“This is not a theoretical risk going forward and it’s not something happening somewhere else, it’s happening right now and here comes summer,” Bekkar said.

Science

FDA Issues Guidance on Development of a Safe and Effective COVID-19 Vaccine
Health
FDA Issues Guidance on Development of a Safe and Effective COVID-19 Vaccine
June 30, 2020
by Dan McCue

WASHINGTON - The U.S. Food and Drug Administration released a series of recommendations Tuesday that it say should help facilitate the timely development of a safe and effective COVID-19 vaccine. The agency said the guidance reflects advice it has been providing over the "past several months"... Read More

Study Suggests Climate Change Increasing Pregnancy Issues in Minority Communities
Science
Study Suggests Climate Change Increasing Pregnancy Issues in Minority Communities
June 26, 2020
by Jacob Pederson

Climate change is increasing the likelihood of low birth weights, premature births, and stillbirths in minority communities, according to a new study published in the Journal of the American Medical Association. The study’s authors said while they found detrimental impacts to to pregnancy among all populations,... Read More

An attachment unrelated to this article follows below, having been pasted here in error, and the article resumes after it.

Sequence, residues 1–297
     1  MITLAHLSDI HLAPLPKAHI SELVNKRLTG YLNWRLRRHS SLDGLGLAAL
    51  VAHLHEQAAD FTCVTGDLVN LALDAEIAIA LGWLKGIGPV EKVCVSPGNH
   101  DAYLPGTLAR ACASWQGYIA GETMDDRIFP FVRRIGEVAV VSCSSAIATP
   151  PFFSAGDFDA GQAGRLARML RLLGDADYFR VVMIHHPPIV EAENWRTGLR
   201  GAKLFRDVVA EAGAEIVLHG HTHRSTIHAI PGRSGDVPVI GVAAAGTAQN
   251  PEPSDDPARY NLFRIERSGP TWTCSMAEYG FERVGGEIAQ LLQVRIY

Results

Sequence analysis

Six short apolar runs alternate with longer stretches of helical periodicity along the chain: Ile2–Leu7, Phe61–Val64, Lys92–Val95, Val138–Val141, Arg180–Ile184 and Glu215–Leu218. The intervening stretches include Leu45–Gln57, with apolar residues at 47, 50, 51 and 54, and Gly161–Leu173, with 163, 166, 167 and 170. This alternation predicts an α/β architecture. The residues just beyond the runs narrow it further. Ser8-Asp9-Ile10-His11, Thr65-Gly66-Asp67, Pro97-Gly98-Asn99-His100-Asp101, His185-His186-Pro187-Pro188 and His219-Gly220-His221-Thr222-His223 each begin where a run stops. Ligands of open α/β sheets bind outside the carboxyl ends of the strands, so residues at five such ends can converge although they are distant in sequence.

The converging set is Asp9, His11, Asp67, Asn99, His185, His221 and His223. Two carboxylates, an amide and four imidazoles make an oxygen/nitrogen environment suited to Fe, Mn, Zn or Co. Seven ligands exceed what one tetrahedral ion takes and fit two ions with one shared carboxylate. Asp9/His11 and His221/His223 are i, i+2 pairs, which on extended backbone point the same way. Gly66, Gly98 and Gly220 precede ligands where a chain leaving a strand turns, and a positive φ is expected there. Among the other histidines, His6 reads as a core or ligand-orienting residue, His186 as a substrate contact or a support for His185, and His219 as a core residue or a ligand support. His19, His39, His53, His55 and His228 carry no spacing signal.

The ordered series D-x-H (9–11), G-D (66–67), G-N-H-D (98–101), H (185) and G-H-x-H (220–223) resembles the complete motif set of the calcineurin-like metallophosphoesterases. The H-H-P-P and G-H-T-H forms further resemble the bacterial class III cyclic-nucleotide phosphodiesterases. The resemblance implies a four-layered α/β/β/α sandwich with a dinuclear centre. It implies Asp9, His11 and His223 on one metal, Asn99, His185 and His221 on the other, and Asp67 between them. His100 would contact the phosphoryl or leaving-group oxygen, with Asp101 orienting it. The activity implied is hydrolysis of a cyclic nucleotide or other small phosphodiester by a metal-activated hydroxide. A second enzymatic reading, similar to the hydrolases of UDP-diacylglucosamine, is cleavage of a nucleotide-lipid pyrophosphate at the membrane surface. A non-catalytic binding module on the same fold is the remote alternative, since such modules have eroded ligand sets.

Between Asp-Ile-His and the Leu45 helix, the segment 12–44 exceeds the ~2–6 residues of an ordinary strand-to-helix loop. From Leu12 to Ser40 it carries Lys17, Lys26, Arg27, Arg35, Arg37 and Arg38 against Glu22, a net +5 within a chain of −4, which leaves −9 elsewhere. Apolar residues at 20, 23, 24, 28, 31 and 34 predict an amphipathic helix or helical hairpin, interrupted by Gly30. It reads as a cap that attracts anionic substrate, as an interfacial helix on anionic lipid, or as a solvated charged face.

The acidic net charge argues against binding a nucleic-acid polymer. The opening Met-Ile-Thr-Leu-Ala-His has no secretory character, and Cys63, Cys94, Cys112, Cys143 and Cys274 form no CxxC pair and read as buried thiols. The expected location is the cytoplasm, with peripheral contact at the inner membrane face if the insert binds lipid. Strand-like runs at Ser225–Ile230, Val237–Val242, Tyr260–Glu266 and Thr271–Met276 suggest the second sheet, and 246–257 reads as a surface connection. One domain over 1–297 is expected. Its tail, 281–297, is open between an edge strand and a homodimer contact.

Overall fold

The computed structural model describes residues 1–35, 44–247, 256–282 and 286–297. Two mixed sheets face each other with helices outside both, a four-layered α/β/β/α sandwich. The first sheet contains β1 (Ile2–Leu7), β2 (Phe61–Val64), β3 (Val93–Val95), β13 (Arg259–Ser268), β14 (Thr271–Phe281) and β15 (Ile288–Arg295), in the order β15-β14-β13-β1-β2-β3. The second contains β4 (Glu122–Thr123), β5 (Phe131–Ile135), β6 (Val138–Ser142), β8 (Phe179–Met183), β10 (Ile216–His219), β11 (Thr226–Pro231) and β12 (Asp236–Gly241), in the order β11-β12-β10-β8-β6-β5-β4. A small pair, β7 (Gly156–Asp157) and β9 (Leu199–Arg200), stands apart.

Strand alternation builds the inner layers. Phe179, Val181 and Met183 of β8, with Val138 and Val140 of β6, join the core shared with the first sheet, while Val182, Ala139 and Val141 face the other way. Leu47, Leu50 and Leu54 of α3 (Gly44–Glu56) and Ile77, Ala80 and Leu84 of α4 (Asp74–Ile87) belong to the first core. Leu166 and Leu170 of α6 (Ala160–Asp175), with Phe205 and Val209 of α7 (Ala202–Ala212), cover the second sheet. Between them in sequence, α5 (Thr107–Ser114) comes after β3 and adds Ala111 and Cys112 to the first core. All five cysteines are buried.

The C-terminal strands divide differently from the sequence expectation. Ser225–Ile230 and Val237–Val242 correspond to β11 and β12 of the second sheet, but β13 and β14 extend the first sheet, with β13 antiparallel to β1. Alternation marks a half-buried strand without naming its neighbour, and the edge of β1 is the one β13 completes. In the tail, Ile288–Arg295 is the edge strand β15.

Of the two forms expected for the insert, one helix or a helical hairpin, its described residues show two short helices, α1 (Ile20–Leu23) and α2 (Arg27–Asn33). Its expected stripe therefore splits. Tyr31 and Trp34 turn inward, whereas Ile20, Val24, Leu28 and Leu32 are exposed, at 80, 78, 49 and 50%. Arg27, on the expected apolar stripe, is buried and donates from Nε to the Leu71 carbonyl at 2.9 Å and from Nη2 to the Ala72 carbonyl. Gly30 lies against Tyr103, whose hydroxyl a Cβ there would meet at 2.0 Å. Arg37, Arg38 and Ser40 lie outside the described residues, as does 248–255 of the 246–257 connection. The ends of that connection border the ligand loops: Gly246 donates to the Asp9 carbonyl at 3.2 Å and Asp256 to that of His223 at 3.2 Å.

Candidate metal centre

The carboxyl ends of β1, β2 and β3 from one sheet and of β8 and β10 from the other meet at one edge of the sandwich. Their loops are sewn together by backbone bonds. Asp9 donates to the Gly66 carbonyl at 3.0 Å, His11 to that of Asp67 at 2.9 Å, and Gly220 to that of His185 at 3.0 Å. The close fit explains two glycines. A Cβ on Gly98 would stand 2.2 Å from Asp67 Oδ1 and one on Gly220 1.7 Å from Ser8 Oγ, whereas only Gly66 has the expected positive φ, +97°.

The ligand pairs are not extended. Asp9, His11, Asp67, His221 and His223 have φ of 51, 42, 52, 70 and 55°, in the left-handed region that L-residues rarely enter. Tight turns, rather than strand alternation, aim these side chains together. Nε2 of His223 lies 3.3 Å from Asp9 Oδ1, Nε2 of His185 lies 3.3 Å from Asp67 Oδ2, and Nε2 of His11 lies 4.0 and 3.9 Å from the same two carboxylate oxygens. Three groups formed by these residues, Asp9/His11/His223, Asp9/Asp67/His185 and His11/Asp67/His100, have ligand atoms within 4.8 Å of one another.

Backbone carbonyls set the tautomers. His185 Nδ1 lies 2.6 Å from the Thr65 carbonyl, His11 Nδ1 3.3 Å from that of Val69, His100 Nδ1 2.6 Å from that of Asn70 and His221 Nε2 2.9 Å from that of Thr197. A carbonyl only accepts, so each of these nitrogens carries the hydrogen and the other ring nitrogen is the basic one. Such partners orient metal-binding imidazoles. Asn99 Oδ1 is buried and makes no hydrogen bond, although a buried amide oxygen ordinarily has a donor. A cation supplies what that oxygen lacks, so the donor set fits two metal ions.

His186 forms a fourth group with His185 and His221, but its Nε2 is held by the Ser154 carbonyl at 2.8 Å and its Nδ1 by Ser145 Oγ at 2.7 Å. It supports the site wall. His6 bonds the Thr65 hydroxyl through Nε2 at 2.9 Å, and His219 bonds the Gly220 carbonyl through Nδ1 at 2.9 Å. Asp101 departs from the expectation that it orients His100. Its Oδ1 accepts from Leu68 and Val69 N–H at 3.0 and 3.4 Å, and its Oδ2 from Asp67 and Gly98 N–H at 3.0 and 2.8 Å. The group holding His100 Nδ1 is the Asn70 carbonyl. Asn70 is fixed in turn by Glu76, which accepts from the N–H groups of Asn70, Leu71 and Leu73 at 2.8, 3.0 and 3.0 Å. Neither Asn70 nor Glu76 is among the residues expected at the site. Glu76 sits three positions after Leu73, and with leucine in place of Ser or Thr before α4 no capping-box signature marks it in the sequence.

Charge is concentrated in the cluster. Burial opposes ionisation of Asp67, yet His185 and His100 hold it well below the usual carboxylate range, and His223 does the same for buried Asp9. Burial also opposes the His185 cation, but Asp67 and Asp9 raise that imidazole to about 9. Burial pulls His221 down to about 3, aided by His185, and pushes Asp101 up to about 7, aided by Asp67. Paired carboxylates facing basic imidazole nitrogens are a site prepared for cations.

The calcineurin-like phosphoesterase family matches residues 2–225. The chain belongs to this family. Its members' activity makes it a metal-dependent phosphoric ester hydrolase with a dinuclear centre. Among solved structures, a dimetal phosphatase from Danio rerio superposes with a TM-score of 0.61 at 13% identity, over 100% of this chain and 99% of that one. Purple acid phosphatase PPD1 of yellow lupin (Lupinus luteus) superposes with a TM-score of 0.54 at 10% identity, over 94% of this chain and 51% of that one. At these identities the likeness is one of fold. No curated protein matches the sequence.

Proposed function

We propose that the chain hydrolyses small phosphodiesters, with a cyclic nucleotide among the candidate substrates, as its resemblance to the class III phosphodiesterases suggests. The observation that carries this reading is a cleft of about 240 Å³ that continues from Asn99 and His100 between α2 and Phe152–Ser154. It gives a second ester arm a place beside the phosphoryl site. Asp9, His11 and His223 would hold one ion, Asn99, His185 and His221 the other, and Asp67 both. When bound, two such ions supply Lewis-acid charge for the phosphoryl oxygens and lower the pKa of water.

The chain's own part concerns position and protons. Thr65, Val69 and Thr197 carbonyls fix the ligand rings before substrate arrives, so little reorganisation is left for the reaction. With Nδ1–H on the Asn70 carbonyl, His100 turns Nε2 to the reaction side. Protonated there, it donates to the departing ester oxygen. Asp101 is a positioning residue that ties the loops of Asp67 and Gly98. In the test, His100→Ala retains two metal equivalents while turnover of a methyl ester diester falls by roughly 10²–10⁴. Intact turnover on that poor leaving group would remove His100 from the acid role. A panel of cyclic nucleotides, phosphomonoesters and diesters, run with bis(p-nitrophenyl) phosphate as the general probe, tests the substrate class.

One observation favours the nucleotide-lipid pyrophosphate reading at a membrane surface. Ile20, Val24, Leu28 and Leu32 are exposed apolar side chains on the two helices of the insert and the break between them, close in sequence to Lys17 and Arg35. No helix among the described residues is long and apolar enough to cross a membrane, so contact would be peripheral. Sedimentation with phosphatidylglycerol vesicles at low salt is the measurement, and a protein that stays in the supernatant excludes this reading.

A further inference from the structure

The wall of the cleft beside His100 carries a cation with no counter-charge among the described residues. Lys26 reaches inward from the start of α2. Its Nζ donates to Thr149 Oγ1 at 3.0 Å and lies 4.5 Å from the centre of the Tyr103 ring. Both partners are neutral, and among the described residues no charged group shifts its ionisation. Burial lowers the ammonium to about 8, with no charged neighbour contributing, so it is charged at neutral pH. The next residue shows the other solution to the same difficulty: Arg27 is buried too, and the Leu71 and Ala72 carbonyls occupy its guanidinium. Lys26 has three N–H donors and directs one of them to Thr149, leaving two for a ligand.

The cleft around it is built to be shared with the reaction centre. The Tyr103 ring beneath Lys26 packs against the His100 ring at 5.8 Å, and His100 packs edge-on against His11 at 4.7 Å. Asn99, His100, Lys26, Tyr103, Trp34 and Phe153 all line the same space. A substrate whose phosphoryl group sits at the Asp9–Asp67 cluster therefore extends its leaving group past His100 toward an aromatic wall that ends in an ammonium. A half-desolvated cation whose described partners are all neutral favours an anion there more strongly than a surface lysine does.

Senate Plans Legislation to Prepare for Next Pandemic Like COVID-19
Health
Senate Plans Legislation to Prepare for Next Pandemic Like COVID-19
June 23, 2020
by Tom Ramstack

WASHINGTON -- The U.S. Senate tried Tuesday to respond to warnings from infectious disease experts that coronavirus is only an example of other pandemics that are coming soon. The World Health Organization has warned that a global population topping 7.8 billion plus global warming are creating... Read More

US Honeybees Are Doing Better After Bad Year, Survey Shows
Science
US Honeybees Are Doing Better After Bad Year, Survey Shows

American honeybee colonies have bounced back after a bad year, the annual beekeeping survey finds. Beekeepers only lost 22.2% of their colonies this past winter, from Oct. 1 to March 31, which is lower than the average of 28.6%, according to the Bee Informed Partnership’s annual survey of... Read More

Saharan Dust Plume Blankets Caribbean, Putting Hurricane Season On Pause
Science
Saharan Dust Plume Blankets Caribbean, Putting Hurricane Season On Pause
June 23, 2020
by Gaspard Le Dem

WASHINGTON –– A massive plume of dust from the Sahara Desert is slowly making its way from the west coast of Africa towards North and South America, creating drier-than-usual atmospheric conditions over the Atlantic Ocean. The cloud, which astronauts have spotted all the way from the... Read More

Malaria Drug Fails to Prevent COVID-19 in a Rigorous Study
Health
Malaria Drug Fails to Prevent COVID-19 in a Rigorous Study

A malaria drug President Donald Trump took to try to prevent COVID-19 proved ineffective for that in the first large, high-quality study to test it in people in close contact with someone with the disease. Results published Wednesday by the New England Journal of Medicine show that hydroxychloroquine... Read More

News From The Well
scroll top